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New study suggests why vaccines directed against cancer, HIV don't work
Date:12/13/2007

COLUMBIA, Mo. Researchers from the University of Missouri and Imperial College London have found evidence suggesting why vaccines directed against the virus that causes AIDS and many cancers do not work. This research is being published in the Dec. 14 edition of The Journal of Biological Chemistry.

In research spanning more than a decade, Gary Clark, associate professor of Obstetrics, Gynecology and Womens Health in the MU School of Medicine, and Anne Dell, an investigator at Imperial College London, found that HIV, aggressive cancer cells, H. pylori, and parasitic worms known as schistosomes carry the same carbohydrate sequences as many proteins produced in human sperm.

Its our major Achilles heel, Clark said. Reproduction is required for the survival of our species. Therefore we are hard-wired to protect our sperm and eggs as well as our unborn babies from any type of immune response. Unfortunately, our results suggest that many pathogens and tumor cells also have integrated themselves into this protective system, thus enabling them to resist the human immune response.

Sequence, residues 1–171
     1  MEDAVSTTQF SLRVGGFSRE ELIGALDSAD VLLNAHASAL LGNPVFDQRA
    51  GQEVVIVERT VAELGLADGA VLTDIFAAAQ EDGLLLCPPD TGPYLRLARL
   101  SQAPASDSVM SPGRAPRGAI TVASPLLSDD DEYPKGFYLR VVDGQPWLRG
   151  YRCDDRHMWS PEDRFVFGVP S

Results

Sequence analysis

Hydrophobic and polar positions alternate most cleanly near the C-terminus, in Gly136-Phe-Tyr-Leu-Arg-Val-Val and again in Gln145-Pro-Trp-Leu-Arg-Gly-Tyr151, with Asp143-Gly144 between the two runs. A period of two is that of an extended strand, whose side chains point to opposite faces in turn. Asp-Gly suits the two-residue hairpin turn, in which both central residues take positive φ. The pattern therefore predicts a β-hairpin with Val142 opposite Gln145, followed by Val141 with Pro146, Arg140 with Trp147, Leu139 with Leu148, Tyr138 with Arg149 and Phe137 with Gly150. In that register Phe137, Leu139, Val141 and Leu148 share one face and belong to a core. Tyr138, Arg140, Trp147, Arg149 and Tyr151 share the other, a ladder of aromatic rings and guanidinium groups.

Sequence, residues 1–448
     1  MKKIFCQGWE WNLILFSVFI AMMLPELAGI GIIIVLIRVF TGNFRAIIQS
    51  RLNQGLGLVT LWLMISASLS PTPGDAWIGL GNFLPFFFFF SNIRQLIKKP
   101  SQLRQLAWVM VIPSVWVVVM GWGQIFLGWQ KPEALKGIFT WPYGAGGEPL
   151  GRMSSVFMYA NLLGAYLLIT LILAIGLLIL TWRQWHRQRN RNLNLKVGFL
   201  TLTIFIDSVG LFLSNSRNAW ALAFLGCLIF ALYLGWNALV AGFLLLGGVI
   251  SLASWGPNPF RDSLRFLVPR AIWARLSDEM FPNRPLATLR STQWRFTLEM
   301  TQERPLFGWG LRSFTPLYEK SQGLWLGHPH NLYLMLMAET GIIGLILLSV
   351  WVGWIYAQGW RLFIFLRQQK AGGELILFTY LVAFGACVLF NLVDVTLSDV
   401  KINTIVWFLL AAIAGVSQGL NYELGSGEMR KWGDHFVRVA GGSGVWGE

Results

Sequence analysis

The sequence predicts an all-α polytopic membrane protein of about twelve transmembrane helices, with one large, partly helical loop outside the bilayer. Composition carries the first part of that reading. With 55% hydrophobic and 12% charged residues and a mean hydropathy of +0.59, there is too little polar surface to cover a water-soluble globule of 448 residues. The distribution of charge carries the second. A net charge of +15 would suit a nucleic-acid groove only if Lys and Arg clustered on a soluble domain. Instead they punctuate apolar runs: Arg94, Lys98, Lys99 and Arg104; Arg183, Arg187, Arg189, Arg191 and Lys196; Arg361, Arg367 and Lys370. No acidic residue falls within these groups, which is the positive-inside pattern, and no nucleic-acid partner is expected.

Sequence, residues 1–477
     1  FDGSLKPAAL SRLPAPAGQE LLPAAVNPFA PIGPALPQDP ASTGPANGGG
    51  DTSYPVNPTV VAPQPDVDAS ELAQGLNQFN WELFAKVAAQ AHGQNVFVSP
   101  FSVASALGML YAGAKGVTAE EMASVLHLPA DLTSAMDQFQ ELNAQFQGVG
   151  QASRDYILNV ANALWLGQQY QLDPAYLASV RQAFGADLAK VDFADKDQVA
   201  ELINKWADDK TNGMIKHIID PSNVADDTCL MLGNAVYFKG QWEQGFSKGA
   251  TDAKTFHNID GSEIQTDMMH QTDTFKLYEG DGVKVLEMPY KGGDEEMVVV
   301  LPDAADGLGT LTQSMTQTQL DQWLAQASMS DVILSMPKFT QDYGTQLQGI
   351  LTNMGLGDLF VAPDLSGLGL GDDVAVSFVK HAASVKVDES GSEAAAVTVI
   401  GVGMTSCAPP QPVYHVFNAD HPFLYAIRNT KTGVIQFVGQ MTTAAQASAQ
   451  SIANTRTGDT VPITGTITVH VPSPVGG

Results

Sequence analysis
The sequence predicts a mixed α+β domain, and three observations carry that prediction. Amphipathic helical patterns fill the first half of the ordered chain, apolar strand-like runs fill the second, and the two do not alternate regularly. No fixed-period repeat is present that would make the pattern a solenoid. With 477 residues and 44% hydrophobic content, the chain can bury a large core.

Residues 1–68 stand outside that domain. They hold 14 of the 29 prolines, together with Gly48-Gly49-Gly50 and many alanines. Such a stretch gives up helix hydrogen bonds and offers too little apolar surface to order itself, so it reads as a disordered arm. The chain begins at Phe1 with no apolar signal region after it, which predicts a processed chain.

During the initial stages of life, the body goes through a process where it self-identifies, determining which cells and proteins belong in the body, so it can detect those that do not. After this time, anything foreign is deemed as dangerous, unless the immune system is specifically told to ignore those cells and proteins. This situation arises primarily during reproduction.

When sperm are made, they specifically label their glycoproteins with Lewis carbohydrate sequences, a specific chain of carbohydrates. When these foreign sperm enter the female body, the females immune system does not recognize them as foreign probably because of these Lewis sequences. Similarly, the unborn baby also could be seen as foreign by the mothers immune system, but she produces other types of glycoproteins that likely block any type of immune response in the womb. These
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Contact: Christian Basi
BasiC@missouri.edu
573-882-4430
University of Missouri-Columbia
Source:Eurekalert

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